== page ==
Its services industry employment gauge fell to 49.5, the second contraction this year, after rebounding to 54.0 in March. The decline likely reflects perennial worker shortages. The Labor Department reported on Tuesday that there were a record 11.5 million job openings at the end of March.

The contraction, together with a slowdown in factory employment growth last month, could temper expectations for strong job gains in April. According to a Reuters survey of economists, nonfarm payrolls likely increased by 394,000 jobs last month after rising 431,000 in March.

The ISM survey's measure of supplier deliveries increased to 65.1 from 63.4 in March. A reading above 50% indicates slower deliveries. As a result, services inflation accelerated. A measure of prices paid by services industries for inputs increased to an all-time high of 84.6 from 83.8 in March.

The Federal Reserve is expected to hike interest rates by half of a percentage point later on Wednesday, and is likely to start trimming its asset holdings soon. The U.S. central bank raised its policy interest rate by 25 basis points in March.

Uber had a successful first quarter of 2022 by some measures, as it more than doubled its revenue year-over-year to $6.85 billion. Increased demand for rides following the Omicron surge played a role, as did higher ride prices due to a shortage of drivers.

The company reported that riders took 1.71 billion trips last quarter, an increase of 18 percent from the first three months of 2021. Gross bookings (the total amount Uber receives from customers) for rides increased by 58 percent year over year to $10.7 billion. Delivery gross bookings rose by 12 percent to $13.9 billion. Uber's revenue from rides was $2.52 billion. From deliveries, it earned $2.51 billion in revenue.

However, Uber's net loss increased from $108 million in Q1 2021 to $5.93 billion last quarter. That's largely due to its equity investments in Didi, Grab Holdings and Aurora Innovation. Still, Uber believes it will be cash-flow positive on a full-year basis for 2022.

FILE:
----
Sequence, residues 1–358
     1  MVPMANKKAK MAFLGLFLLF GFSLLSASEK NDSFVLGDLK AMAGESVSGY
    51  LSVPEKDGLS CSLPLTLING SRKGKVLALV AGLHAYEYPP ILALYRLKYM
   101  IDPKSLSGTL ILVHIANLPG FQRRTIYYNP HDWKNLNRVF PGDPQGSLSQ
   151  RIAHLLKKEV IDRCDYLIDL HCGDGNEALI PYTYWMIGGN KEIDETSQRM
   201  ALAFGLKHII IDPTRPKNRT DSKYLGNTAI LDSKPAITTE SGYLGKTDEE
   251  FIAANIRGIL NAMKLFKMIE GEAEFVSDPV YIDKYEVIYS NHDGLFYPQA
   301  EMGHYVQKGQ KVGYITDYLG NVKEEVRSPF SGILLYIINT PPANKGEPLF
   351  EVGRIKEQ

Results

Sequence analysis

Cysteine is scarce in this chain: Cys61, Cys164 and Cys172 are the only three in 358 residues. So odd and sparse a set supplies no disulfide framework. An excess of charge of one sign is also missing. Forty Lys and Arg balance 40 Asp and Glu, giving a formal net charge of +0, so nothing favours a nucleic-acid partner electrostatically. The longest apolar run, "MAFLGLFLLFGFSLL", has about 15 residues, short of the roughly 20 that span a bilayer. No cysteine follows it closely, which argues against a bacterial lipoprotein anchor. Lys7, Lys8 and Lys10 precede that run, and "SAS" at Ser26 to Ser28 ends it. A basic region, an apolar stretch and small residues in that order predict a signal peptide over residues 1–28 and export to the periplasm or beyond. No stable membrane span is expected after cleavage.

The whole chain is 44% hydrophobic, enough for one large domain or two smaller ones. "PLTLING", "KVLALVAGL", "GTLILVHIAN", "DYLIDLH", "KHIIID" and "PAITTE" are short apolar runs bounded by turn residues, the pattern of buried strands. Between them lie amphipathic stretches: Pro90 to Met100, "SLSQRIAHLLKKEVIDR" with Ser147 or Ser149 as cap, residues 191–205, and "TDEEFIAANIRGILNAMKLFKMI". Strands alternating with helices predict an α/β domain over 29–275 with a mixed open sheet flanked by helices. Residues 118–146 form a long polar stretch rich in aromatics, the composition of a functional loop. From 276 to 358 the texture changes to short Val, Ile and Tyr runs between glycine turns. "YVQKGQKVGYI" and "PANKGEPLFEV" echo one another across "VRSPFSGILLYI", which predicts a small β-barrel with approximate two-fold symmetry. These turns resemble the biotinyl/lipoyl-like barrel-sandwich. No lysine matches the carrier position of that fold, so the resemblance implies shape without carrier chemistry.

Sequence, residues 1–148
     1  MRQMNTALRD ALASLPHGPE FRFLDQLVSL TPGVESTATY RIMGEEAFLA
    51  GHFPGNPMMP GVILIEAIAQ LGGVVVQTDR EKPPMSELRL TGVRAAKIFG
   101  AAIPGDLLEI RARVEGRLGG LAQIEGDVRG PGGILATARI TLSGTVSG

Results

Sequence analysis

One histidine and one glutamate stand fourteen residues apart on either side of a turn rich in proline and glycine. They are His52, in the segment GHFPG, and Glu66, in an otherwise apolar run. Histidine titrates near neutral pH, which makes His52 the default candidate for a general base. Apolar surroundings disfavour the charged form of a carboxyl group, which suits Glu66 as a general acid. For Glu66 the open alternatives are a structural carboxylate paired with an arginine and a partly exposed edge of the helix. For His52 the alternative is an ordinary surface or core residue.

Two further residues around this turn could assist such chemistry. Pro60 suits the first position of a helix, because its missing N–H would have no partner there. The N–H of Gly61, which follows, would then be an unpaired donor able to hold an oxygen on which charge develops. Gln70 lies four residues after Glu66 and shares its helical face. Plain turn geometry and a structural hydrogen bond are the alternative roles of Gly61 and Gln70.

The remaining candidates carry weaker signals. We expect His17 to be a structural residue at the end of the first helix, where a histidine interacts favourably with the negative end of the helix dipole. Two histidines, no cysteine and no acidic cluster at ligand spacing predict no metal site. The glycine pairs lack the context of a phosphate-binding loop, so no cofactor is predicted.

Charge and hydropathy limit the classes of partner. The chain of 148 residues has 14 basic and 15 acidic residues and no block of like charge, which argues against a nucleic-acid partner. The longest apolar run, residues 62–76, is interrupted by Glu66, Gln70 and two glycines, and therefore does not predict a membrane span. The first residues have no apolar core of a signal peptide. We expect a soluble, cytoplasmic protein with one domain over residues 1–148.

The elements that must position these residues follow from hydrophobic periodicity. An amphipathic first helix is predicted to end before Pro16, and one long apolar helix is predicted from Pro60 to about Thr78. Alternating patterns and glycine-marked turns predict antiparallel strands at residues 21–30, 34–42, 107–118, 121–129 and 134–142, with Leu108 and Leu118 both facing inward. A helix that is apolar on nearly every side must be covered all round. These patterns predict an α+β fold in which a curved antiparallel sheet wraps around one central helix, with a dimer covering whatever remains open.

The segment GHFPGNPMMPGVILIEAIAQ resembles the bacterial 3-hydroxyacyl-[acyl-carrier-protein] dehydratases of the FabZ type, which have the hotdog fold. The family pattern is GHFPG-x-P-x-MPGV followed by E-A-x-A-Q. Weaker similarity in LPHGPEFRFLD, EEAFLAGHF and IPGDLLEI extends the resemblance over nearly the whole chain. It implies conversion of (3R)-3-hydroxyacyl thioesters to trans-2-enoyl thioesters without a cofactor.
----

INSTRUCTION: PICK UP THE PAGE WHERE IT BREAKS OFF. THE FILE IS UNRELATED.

Growth is expected to continue this quarter. Uber claims the value of rides booked in April surpassed 2019 levels, for one thing. The company also noted that rider wait times and surge trips were at their best levels for a year.

Uber says that many drivers have opted to move over to Eats deliveries. CEO Dara Khosrowshahi said the company won't have to make "significant incremental incentive investments” to keep drivers on the platform and persuade new and lapsed drivers to get behind the wheel. The same can't be said for rival Lyft.

That company expects it will need to spend more to entice drivers to return or join its platform. It's taking longer than expected for its driver base to return to pre-pandemic levels, Lyft president John Zimmer told Reuters. Uber has a leg up on Lyft in this regard, since its drivers can choose to deliver food and other items instead of ferrying passengers around. However, Lyft didn't provide more details of how much it will spend on driver incentives.

Lyft earned revenue of $875.6 million for the first quarter, a year-over-year increase of 44 percent. It had a net loss of $196.9 million, down significantly from the $427.3 million net loss it posted a year earlier. Its active number of riders rose to 17.8 million from 13.5 million in Q1 2021.